For an 18-year-old suffering from thalassaemia, a September 19 Delhi high court judgment was no less than a blessing. After all, his struggle to secure admission to an MBBS course in any of the three colleges of Indraprashta University had finally been given legal sanctity.
But to his shock, the university chose to challenge the order before a larger bench. The student’s father says the struggle is far from over even though his son’s medical condition has been recognised under a law that safeguards the rights of disabled people.
The law he is referring to here is the newly notified Rights of Persons with Disabilities Act, 2016, which now includes 21 disabilities (including thalassaemia) as opposed to seven in the earlier Act. The new law, which has also increased the reservation of seats for people with disability from 3% to 5%, was notified on April 19, 2017.
In March 2017, the student had applied for the National Eligibility-cum-Entrance Test (NEET) under the general category. On realising that the new Act including the blood disorder as a disability had been notified, the student made a representation to change his category from general to people with disabilities (PwD) before the university on July 5 — after his NEET result was out.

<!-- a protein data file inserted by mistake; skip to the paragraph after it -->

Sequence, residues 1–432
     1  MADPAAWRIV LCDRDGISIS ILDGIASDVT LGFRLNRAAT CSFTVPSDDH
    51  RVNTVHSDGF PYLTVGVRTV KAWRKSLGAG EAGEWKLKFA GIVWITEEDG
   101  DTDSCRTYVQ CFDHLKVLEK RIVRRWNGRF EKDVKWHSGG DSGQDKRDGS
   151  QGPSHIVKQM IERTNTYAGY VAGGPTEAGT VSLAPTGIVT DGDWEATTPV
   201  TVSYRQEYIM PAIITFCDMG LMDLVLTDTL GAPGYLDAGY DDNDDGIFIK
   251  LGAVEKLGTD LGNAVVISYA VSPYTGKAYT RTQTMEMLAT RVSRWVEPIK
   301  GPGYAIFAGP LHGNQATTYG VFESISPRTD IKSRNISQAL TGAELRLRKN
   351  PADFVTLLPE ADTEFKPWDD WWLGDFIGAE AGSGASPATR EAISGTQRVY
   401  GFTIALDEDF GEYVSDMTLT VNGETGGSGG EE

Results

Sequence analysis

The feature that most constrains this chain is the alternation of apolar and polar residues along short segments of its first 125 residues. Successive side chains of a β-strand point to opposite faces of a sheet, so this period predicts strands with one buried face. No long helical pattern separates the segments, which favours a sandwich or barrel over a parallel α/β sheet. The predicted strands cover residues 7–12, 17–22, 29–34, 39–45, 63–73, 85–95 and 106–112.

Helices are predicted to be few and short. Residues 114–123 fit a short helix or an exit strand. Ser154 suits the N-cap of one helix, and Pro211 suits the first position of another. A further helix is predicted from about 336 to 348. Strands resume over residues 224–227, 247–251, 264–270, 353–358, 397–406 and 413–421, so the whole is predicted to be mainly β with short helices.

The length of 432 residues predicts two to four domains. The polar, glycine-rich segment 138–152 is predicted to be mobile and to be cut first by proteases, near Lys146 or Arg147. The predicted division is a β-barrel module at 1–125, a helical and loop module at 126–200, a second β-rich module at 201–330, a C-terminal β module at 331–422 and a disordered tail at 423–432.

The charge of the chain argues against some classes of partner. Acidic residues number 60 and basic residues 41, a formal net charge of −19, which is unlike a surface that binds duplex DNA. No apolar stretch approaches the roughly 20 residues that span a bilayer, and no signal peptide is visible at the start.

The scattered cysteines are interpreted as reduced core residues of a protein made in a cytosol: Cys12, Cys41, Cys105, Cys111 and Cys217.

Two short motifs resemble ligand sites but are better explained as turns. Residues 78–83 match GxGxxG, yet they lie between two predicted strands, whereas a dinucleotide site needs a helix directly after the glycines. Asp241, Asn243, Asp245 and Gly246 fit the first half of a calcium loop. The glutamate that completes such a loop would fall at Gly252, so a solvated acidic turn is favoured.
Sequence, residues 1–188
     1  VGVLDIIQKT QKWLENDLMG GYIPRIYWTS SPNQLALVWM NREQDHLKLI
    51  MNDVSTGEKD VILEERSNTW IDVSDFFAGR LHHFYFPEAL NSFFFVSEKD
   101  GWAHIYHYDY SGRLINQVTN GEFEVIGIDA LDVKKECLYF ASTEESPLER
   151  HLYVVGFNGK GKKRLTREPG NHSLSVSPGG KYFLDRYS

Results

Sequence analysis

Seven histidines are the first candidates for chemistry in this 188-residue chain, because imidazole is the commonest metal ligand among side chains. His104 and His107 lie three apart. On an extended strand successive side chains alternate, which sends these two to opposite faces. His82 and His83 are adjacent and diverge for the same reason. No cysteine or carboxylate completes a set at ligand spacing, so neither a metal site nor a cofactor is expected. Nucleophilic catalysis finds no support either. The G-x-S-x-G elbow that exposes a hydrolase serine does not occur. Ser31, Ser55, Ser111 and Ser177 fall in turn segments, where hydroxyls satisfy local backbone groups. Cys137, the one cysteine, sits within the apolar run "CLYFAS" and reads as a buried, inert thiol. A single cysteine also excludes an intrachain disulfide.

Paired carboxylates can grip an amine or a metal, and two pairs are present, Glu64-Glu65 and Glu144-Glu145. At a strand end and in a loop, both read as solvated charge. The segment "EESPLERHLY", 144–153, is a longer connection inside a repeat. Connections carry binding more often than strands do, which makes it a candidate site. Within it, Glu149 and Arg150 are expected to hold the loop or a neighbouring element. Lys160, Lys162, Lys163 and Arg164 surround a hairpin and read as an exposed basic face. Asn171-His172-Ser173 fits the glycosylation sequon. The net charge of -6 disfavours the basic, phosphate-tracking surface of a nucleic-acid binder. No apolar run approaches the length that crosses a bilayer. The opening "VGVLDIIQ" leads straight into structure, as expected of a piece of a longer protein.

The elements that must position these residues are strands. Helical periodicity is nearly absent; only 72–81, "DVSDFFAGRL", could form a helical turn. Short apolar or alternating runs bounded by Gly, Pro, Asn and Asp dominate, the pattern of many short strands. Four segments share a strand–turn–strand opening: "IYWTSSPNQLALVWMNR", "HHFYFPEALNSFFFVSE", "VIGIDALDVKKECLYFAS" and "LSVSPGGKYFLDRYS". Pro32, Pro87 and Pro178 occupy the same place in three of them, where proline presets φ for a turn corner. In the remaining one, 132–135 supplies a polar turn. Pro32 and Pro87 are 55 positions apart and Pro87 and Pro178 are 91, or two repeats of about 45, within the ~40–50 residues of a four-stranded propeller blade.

He sat for two consecutive counselling sessions — on July 23 and August 12. “If he had not made it in the first round itself, why was he allowed to sit for a second round of counselling?” he asks.
HC judge Indermeet Kaur, had in the judgment, recorded that IP University’s argument — that on August 9, 2017, it had notified that all seats that had remained vacant in the PwD or physically handicapped category were reverted to the parent category — did not hold water. “The status of the PWD/PH category had not changed. The additional affidavit of respondent No. 1 (IP University) reflecting the status of seats in their medical colleges on August 12 reflected no category of PWD/PH. Why and how was the petitioner permitted participation in this counselling when there was no such category available with them, is not answered,” the judgment states.
And despite his win before the single judge, the youngster is now anxious about the division bench’s judgment slated to come out on November 9.
As a disability rights activist points out, this is the first case from Delhi where a thalassaemic is trying to secure admission to an MBBS course under the disability quota. “It can set a precedent, if he is given admission,” says Dr Satender Singh, a doctor with disability at University College of Medical Sciences and a disability rights activist .